GAINESVILLE, Fla. — The peanut butter sandwich is about as American as baseball, hot dogs and apple pie. But history tells us its origins date back to the ancient Incas and Aztecs. All these years later, peanut butter remains a staple in many people’s diets, so celebrate the spread on National Peanut Butter Day, Jan. 24.
Here’s a little peanut butter history lesson, courtesy of the National Peanut Butter Board: Canadian chemist Marcellus Gilmore Edson patented peanut paste in 1884, and in 1895, Dr. John Harvey Kellogg – known for the cereal empire — patented a process to create peanut butter.
Initially, peanut butter was marketed as a protein substitute for people who had trouble chewing. In 1903, Ambrose Straub patented a peanut butter-making machine.
Today, most of us think of peanut butter as something to add to certain foods, or to spread on bread for a healthy snack. According to Kaley Mialki, youth programs specialist with the UF/IFAS Extension Family Nutrition Program, peanut butter contains the following nutrients and compounds:
- Healthy fats, protein, carbohydrates and fiber.
- Several vitamins and minerals, including magnesium, copper, manganese, niacin and vitamin E.
- Resveratrol, phenolic acids and flavonoids.
So, how did peanut butter become so popular? For this answer, we return to the National Peanut Board, which says the peanut butter and jelly sandwich became very popular with U.S. Army service members during World Wars I and II.
While that’s a historical perspective, Mialki gives a more current, practical response.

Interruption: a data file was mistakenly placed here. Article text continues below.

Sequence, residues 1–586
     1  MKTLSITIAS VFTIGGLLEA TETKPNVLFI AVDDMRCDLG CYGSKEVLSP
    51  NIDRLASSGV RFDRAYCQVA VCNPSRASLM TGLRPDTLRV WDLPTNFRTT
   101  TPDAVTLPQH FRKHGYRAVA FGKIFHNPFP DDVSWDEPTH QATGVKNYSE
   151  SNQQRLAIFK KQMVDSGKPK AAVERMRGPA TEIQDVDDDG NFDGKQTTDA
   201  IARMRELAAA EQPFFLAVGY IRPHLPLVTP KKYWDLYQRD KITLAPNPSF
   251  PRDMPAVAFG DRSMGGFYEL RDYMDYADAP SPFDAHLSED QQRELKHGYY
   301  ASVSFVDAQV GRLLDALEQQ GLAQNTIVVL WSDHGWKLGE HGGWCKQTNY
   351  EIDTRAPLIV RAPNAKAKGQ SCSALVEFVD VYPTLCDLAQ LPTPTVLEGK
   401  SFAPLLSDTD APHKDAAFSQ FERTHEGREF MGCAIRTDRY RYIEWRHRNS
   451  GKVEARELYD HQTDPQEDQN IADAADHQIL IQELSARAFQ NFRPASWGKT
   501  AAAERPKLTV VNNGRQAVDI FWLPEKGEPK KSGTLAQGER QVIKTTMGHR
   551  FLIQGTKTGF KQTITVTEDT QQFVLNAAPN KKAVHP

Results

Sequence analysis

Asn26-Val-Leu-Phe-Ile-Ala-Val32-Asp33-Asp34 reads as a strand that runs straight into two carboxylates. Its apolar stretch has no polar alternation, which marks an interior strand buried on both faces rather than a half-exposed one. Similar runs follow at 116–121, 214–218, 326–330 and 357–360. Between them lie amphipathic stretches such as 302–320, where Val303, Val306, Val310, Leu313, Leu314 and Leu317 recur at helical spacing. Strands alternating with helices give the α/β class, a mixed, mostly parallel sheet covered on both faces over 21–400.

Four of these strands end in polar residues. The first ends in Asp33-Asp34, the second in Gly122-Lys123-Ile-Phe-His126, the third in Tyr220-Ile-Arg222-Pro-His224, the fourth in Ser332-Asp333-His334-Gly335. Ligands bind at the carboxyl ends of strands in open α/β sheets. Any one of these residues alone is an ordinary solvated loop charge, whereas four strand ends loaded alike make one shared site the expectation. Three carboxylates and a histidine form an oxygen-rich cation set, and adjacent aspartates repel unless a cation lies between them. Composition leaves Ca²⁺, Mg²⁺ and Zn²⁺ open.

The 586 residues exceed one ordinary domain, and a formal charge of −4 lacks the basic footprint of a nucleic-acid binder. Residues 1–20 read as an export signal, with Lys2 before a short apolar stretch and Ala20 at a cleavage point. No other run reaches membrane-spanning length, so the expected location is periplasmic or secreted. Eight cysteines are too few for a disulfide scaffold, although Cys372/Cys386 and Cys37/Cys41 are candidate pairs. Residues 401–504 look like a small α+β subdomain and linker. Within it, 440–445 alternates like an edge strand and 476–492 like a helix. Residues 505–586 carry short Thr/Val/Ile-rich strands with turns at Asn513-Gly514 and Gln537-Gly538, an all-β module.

“I think peanut butter sandwiches are popular because they are nutritious, budget-friendly and easy to prepare,” Mialki said.
As an example of the convenience of peanut butter on sandwiches, the average American schoolchild will eat about 1,500 peanut butter and jelly sandwiches by the time he or she graduates from high school, according to the Peanut Advisory Board, a nonprofit organization dedicated to research on the nutritional value of peanuts.
Speaking of research, studies show that eating peanuts is associated with decreased mortality and reduced cardiovascular disease risk. Eating the legume may also help reduce the risk of developing diabetes and help protect against cancer.
“Peanut butter is a well-balanced food that provides a lot of nutritious bang for your buck,” Mialki said. “It’s important to keep portion sizes in mind because just two tablespoons of peanut butter contain about 200 calories.”
By: Brad Buck, 352-294-3303, email@example.com
The mission of the University of Florida Institute of Food and Agricultural Sciences is to develop knowledge relevant to agricultural, human and natural resources and to make that knowledge available to sustain and enhance the quality of human life. With more than a dozen research facilities, 67 county Extension offices, and award-winning students and faculty in the UF College of Agricultural and Life Sciences, UF/IFAS works to bring science-based solutions to the state’s agricultural and natural resources industries, and all Florida residents. Visit the UF/IFAS web site at ifas.ufl.edu and follow us on social media at @UF_IFAS.